Imaging the World of Atoms
Research Centre Jülich and RWTH Aachen University found a national centre of excellence for ultrahigh resolution electron microscopy
[27. Januar 2004]
Joint Press Release - Research Centre Jülich and RWTH Aachen University
Jülich/Aachen, 27 January 2004: In order to develop efficient materials for the future, researchers must look into the unimaginably small region beyond the nanometre range comprising fractions of a millionth of a millimetre. To do this they need ultrahigh-resolution microscopes. Research Centre Jülich and RWTH Aachen University have therefore founded the "Ernst Ruska Centre for Microscopy and Spectroscopy with Electrons". The facility is located on the Research Centre campus. This national centre of excellence will operate the most powerful electron microscopes in the world. Scientists will thus be able to promote research in future-oriented technologies such as nanoelectronics, which will be very beneficial for the future of German industry. The centre of excellence was named after the Nobel laureate for physics, Ernst Ruska, who was the inventor of the electron microscope.
Research Centre Jülich and RWTH Aachen University intend to set an example with the foundation of the "Ernst Ruska Centre for Microscopy and Spectroscopy with Electrons". "With the national centre of excellence we shall lead the world in ultrahigh-resolution electron microscopy", said Prof. Richard Wagner, member of the Board of Directors of Research Centre Jülich with responsibility for this field. This is made possible by a new type of electron optics developed in Germany, in which Research Centre Jülich played a decisive role. In the past few years, this has triggered a worldwide stimulus for the electron optics industry.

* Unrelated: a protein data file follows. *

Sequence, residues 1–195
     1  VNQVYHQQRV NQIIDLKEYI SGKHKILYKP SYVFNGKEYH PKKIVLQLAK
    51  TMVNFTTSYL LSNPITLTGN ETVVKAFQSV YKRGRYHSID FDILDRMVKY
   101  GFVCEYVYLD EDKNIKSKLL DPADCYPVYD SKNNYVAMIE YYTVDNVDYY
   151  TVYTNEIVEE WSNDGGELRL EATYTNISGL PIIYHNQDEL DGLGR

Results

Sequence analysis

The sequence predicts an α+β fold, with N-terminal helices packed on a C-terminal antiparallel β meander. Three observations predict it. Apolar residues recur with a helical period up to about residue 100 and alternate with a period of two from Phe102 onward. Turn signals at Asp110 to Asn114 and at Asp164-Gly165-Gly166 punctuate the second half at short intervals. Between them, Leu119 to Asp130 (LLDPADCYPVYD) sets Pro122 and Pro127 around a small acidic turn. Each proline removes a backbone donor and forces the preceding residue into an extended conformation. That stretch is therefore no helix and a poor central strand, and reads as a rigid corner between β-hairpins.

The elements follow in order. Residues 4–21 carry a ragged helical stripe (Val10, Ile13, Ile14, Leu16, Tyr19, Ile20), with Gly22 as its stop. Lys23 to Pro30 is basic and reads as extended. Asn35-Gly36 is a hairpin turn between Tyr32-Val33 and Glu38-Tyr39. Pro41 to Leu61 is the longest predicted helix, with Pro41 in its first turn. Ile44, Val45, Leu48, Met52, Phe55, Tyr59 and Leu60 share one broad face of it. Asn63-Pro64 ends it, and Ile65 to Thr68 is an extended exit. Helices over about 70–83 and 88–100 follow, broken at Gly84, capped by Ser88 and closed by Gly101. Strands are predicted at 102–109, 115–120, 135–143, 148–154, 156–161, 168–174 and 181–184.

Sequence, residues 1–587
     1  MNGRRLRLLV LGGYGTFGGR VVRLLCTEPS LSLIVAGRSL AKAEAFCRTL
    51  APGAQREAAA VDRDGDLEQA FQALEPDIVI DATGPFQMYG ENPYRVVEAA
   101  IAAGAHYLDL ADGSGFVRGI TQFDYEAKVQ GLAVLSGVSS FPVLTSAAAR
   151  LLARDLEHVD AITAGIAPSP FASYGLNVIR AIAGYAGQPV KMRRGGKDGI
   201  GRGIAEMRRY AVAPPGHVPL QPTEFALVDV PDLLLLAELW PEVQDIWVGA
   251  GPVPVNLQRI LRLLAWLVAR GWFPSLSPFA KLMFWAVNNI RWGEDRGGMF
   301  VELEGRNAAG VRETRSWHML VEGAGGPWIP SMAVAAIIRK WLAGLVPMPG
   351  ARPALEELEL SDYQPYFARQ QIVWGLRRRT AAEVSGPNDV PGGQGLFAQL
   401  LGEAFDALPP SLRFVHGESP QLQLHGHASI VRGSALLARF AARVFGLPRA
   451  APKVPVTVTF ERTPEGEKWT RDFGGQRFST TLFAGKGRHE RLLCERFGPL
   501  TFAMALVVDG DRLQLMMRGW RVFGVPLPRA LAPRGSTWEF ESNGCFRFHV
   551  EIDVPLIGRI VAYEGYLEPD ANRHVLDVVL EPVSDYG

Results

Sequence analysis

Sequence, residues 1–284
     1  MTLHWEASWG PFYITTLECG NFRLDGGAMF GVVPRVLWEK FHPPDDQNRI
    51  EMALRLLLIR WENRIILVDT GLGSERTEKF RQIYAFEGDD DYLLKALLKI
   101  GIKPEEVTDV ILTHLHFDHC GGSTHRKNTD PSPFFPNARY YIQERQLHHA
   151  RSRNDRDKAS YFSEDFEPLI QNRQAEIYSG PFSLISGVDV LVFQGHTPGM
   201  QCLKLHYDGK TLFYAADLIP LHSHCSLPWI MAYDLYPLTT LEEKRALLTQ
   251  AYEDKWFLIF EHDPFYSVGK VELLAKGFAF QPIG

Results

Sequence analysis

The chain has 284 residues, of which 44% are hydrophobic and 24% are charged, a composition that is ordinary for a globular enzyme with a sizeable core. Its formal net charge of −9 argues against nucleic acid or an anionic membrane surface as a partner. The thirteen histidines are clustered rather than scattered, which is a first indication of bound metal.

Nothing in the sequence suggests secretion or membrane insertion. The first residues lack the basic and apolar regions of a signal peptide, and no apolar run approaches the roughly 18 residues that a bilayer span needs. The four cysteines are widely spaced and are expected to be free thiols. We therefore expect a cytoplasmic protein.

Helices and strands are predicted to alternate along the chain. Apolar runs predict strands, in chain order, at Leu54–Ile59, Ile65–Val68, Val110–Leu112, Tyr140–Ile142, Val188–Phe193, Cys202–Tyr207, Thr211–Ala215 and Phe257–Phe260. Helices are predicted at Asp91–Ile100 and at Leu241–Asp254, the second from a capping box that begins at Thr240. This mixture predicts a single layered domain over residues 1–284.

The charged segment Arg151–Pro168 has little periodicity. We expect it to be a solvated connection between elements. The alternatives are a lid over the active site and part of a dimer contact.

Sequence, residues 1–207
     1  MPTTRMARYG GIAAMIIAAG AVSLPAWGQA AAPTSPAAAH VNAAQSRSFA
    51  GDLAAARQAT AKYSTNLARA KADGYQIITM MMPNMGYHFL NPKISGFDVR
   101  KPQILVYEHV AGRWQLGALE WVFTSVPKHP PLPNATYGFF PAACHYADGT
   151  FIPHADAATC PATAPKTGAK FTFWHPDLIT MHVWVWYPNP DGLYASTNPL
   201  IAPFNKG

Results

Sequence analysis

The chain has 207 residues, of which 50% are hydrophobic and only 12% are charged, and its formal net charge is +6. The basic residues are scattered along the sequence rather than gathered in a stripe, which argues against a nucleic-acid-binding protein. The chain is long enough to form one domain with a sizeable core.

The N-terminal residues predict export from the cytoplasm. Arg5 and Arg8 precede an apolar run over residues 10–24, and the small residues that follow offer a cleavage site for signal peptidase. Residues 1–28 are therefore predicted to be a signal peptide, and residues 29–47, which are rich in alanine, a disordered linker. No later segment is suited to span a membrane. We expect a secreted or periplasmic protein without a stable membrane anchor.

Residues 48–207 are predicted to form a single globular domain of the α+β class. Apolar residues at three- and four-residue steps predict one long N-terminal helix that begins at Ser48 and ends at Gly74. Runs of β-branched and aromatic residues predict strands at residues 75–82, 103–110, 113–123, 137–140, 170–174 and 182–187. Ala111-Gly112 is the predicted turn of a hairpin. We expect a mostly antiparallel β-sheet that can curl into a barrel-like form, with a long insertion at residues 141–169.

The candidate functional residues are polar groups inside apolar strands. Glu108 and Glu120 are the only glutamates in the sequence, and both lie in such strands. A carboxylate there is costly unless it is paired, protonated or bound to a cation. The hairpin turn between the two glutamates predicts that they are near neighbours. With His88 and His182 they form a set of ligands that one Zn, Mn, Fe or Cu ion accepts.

The contract for the Ruska Centre was signed by Prof. Joachim Treusch and Dorothee Dzwonnek, members of the Board of Directors of Research Centre Jülich, and by Prof. Burkhard Rauhut, the Rector of the RWTH. The new facility will be headed jointly by Prof. Knut Urban (Jülich) and Prof. Joachim Mayer (Aachen). "This close form of partnership sets a good example for cooperation between universities and non-university research establishments", said Prof. Rauhut.
Both partners contribute top, internationally recognized expertise in complementary fields. On the Jülich side, Prof. Knut Urban's team is among the leaders in structural ultrahigh resolution. The Jülich Institute of Solid State Research houses the world’s first aberration-corrected transmission electron microscope. This microscope is the model for a completely new generation of instruments which are actually capable of sharply imaging atoms and atomic vacancies in the material’s structure. "With the new microscope we are approaching the limits of what is physically and technically feasible", said Urban. "With the Ernst Ruska Centre we shall continue to be pioneers in the development of ultrahigh-resolution microscopes. Germany thus occupies an outstanding position in international research and industry."
Over and above this, a second world-class instrument is going to be acquired for the Ruska Centre. This microscope will enable the researchers to study the chemical nature of the atoms and what holds them together, i.e. their chemical bonds. In this field, Prof. Joachim Mayer, at present head of the Central Facility for Electron Microscopy of RWTH Aachen University, is regarded as one of the leading experts. "We shall be in a position to look between the atoms and to investigate the states of the electrons there", says Mayer. "In this way we will be able to reach the source of the electronic and other materials properties."
The German Research Foundation (DFG), represented at the inaugural ceremony by Prof. Sigrid Peyerimhoff, is offering special support to the Ernst Ruska Centre. The DFG is a member of the supervisory board of the new centre of excellence. It is bearing the major share of the cost of the first new high-performance microscope that was constructed by Zeiss NTS, Oberkochen. As a special extra, the DFG is ensuring that scientists who want to perform measurements here receive the travelling expenses they need.
Engineers from Zeiss NTS (Oberkochen) put the finishing touches to the new high-performance electron microscope that is about to be delivered to the Ernst Ruska Centre.
Photograph: Zeiss NTS GmbH (Oberkochen)
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